Too Large For Volume Format Mac


How To Fix The Item Can Not Be Copied Because It Is Too Large For The Volume'S Format When Copy File From Macos To Usb Disk. Then click Erase icon at top menu bar, and select Mac OS Extended ( Journaled ) disk format in the dropdown list. Click the Erase button to reformat the usb disk.

When we want to format a volume that is larger than 32GB, Windows default format option in the File Explorer right-click context won’t list FAT32 in the drop-down menu of the ‘File system’ nor in Disk Management, you’ll only see NTFS and exFAT(default), but how can we create a FAT32 volume on a 64GB or larger USB Drive?

Why would we insist on FAT32 partition anyway?

Check the table below:

You can’t format a volume whose size is larger than 32GB using FAT32 file system in Windows. If you want to format a volume larger than 32GB, use NTFS file system. Note: if you try the formatting, the process will fail in the end with error: Logical Disk Manager: Volume size too big. A file larger than 4GB can be created or stored on a FAT32. Trying to copy and paste file, video, picture, folder, and you get the error can't be copied because its too large but you still have a lot of space in your. Use the Mac OS Extended (Journaled) format if you don't care about accessing the drive from a Windows machine. If you might want to be able to boot a Mac sometime in the future with this drive without having to reformat it again you will need to format it with a GUID partition map. You can select this with the options button in Disk Utility. Each volume uses only part of the overall container, so the available space is the total size of the container, minus the size of all the volumes in the container. Choose one of the following APFS formats for Mac computers using macOS 10.13 or later. APFS: Uses the APFS format. APFS (Encrypted): Uses the APFS format and encrypts the volume.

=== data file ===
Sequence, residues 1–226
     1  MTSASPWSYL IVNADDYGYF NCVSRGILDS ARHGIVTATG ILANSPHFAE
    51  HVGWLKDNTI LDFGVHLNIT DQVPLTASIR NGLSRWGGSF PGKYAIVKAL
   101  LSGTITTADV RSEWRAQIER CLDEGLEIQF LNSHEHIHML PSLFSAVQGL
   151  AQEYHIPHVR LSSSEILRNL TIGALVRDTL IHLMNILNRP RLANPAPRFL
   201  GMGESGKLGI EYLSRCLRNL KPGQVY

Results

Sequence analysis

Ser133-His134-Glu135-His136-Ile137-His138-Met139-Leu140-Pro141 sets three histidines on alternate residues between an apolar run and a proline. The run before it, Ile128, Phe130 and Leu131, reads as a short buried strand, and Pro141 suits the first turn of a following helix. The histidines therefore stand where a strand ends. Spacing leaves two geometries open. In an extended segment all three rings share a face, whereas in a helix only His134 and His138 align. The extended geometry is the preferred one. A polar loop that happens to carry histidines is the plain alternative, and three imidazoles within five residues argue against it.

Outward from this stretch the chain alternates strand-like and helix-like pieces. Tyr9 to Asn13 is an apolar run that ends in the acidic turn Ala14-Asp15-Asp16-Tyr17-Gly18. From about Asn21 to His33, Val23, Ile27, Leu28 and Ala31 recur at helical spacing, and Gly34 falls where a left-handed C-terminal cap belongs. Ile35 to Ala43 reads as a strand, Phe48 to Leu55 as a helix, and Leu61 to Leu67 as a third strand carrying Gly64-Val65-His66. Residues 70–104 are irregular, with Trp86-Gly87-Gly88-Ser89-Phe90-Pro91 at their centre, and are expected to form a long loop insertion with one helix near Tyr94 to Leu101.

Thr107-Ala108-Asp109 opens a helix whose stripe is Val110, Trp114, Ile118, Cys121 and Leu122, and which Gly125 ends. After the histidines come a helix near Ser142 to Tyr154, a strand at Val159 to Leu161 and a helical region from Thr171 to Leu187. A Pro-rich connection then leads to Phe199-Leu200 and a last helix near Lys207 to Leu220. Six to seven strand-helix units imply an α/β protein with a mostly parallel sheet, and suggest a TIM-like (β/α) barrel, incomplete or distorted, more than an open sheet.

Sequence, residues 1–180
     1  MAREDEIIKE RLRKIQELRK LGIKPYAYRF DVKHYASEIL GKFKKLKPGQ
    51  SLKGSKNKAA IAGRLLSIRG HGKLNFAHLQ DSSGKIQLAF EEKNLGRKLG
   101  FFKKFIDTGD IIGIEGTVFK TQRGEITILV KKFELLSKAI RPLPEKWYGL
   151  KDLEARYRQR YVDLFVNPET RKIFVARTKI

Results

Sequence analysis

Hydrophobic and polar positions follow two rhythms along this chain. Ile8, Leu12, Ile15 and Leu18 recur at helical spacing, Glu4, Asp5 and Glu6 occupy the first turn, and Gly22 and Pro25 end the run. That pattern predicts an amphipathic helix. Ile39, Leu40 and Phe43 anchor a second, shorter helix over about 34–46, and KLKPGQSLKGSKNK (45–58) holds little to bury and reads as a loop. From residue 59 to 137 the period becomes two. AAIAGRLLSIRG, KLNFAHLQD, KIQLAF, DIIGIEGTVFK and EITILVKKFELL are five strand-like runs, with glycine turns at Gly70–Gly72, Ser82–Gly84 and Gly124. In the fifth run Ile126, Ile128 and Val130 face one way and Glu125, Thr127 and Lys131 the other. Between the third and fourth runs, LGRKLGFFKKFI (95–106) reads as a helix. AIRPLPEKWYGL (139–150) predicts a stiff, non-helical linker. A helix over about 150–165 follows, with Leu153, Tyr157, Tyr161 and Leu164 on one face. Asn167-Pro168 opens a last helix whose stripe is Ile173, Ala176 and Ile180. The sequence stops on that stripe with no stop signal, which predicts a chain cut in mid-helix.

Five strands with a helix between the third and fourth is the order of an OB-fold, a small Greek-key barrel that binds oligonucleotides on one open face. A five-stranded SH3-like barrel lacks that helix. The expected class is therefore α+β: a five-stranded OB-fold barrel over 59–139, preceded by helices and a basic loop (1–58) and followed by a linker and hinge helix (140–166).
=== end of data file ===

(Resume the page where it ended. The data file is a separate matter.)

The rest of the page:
Too Large For Volume Format Mac

File systemWindowsmacOS
UbuntuPS4Xbox 360/One
NTFSYesRead OnlyRead OnlyYesNoNo/Yes
exFATYesNoYesYes (with ExFAT packages)Yes (with MBR, not GUID)No/Yes

FAT32 is supported by every OS and Game console, NTFS is read only on macOS, exFAT is acceptable by modern OS but with conditions as for me, FAT32 is for the USB drive to transfer data between my PC and Mac, and the drive is 64GB, I’ll use the alternative ways of creating a FAT32 volume

1. PowerShell format to large FAT32 partition

We can using the following steps to create a partition with FAT32 file system which is large than 32GB in size:

  1. Right-click the Start button on Windows 10, or press Win+X instead
  2. Click the Windows PowerShell (Admin) option
  3. Click Yes to the UAC (User Account Control) dialog
  4. Type the command: format /fs:fat32 x: to format (replace X with the the real drive letter you’d like to format)
  5. Type Y to confirm the warning

(takes 1 min from 0% to 1%)

If you don’t know which drive letter is, use the following commands to check and format in PowerShell:

  1. diskpart
  2. list volume
  3. select volume X
  4. format fs=fat32